*Under the title 'Two Ticks', this article won second prize in the 2006 BBC Wildlife Magazine/Bradt Travel Guides Travel Writing Competition.
Searching the rainforests of north Queensland for an elusive kingfisher, Bridget Martin finds she has attracted the attention of a very much larger bird.
Like bushy eyebrows on the pate of a bald man, the tropical rainforests of Australia cling to the edge of the continent.
A sparse woodland of wiry, drought-resistant trees, with tough names like ironwood and stringybark, struggles to clothe the vast, parched savannalands which stretch across much of the Top End, but the north-eastern coastal strip, thanks to a conspiracy of geology and meteorology, is overindulged with rainfall; it luxuriates under a cloak of rainforest which would look more appropriate in neighbouring New Guinea.
Indeed, the Australian and New Guinean rainforests have much in common, sharing animal species which are foreign to the rest of Australia: birds of paradise and kangaroos which live in trees, striped possums and cassowaries – enormous, flightless birds with a mean reputation.
Some birds, innocent of international borders and immigration niceties, live in both places, migrating seasonally.
Arriving in north Queensland in summer, I hope to see some of these – an opportunity to gain a few more ticks in my bird book. I particularly want to see the kingfisher gracing my book’s cover. A medley of blue and orange, with coral-red beak and feet, this spectacular bird is encumbered not only with an unwieldy name – the buff-breasted paradise-kingfisher – but also a pair of 18-centimetre-long, white plumes for a tail. At the beginning of each summer it flies all the way from New Guinea, trailing its magnificent tail behind it, to nest in the termite mounds of the north Queensland rainforests. I’ve had a tip-off. A pair is, apparently, nesting along a certain track.
The dense forest canopy affords instant relief from the searing sun but no escape from the oppressive humidity. Trees stretch high above me, their upper branches bulky with epiphytic ferns. Roots of a strangler fig weave their deadly embrace around the trunk of an unfortunate host. The hooks of a blindly ambitious lawyer vine clutch at my sleeves, eager to attach to anything which might provide a step up from lowly origins on the forest floor. All are greedy for light.
An electric-blue butterfly zigzags, idiotically, along the track and a brush-turkey, its yellow wattles dangling from its neck like a badly-fried egg, scuffles unconcernedly in the leaf litter. A drongo calls, discordantly, nearby. Cicadas deafen.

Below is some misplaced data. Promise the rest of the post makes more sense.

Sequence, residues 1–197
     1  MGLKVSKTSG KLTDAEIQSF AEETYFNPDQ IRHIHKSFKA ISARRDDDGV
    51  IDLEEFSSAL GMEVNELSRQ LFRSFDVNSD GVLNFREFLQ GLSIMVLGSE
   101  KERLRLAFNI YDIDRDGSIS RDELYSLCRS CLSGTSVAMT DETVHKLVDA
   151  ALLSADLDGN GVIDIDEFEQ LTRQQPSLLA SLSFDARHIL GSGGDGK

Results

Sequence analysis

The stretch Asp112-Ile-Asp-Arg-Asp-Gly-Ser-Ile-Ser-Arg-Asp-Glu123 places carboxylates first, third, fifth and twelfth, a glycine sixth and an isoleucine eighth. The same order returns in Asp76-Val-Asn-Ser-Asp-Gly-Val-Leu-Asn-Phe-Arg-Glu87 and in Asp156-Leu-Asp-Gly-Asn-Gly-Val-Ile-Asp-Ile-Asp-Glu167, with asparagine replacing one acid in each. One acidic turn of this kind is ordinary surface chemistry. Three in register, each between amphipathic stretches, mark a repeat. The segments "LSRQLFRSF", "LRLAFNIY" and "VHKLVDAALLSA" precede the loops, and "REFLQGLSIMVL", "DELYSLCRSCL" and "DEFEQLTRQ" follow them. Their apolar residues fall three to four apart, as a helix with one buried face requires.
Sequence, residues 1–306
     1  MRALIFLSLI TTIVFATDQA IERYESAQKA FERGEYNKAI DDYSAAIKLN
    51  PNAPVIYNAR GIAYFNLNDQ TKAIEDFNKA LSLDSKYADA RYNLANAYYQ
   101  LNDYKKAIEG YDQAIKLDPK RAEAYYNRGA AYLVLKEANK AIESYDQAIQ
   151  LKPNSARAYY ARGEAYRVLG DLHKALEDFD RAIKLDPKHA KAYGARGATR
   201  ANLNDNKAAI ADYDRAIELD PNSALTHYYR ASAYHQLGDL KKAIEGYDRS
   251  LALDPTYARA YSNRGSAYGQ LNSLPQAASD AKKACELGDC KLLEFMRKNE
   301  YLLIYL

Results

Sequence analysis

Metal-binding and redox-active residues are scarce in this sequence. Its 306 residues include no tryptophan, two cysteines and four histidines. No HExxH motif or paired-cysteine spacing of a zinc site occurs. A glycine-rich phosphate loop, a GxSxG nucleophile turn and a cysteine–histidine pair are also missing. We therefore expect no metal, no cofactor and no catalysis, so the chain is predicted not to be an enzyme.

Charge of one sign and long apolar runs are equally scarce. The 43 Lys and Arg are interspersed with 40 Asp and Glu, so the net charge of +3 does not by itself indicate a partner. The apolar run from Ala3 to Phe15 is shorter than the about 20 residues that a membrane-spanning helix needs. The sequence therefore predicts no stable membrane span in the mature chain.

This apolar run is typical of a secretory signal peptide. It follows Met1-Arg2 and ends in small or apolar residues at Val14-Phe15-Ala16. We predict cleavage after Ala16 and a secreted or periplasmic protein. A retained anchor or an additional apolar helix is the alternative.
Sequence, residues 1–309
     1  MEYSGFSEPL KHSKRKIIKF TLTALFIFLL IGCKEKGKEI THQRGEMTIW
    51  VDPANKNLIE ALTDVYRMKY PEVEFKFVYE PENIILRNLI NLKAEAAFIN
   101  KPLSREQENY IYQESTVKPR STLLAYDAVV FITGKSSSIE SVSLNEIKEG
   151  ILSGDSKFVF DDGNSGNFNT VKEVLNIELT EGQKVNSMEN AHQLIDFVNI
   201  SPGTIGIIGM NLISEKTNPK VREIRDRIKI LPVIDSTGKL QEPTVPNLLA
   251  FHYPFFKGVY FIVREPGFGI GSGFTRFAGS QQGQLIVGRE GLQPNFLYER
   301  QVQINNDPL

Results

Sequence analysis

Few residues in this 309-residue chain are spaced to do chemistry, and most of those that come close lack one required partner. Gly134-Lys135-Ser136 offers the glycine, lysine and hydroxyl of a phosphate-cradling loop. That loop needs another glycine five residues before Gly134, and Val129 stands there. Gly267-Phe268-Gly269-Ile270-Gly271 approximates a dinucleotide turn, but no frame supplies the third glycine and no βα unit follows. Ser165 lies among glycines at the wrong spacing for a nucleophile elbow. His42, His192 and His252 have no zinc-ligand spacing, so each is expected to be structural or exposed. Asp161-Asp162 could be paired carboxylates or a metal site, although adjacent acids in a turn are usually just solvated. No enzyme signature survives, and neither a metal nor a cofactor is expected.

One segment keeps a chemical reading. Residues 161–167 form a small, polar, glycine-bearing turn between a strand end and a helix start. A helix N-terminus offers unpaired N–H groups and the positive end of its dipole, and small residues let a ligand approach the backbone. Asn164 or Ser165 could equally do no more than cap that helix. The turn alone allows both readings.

As I pause to untangle myself yet again (locals call this vine “wait-a-while”) I notice a large lizard clinging upright, and motionless, to the side of a narrow trunk. A forest dragon, its crest and back are lined with tooth-like scales. I move forward, camera poised, but it sidles around the trunk.
I realise then, that I am being watched. Standing on the track, not ten metres away, is a cassowary. It is huge, its body covered with black plumage more hairlike than feathery. With its neck fully stretched, it is easily taller than me. The horn-like casque on its head, a jaunty helmet which could render it ridiculous, simply enhances its stature. And its attention is fully, unblinkingly, on me.
I freeze. The cassowary turns its head and regards me with its other eye. The red wattles dangling from its blue neck wobble slightly. Then it takes a step forward. Its feet are those of a science experiment gone wrong, an ill-conceived, genetically-modified, giant chicken or a recreated dinosaur. Scaly, solid, with pointed, sharply-clawed toes, they furnish the powerful legs with a formidable weapon; this cranky bird has a reputation for delivering a lethal kick.
I know not to flee – it could easily outrun me – so I step into the protective embrace of a generously buttressed tree trunk. Following the example of the lizard on the adjacent tree, I press myself, motionless, close to the trunk.
Sweat pooling under my eyes overflows and trickles, like tears, down my cheeks. A large green ant bites me. More are tickling my neck and I try, surreptitiously, to brush them away. A leech loops its way up my boot. I wonder where the cassowary is. There is a long silence.
Eventually, heart in mouth, I peer around the tree and catch a glimpse of the cassowary’s back as it plods, unhurriedly, into the forest. I was of no more than passing interest to it. As I watch it depart, a flicker of white catches the corner of my eye. A red beak materialises and then, cheekily, the kingfisher flicks its double-plumed tail and flies off.
Panic gives way to elation. With shaking hands, I open my bird book and insert two new ticks.
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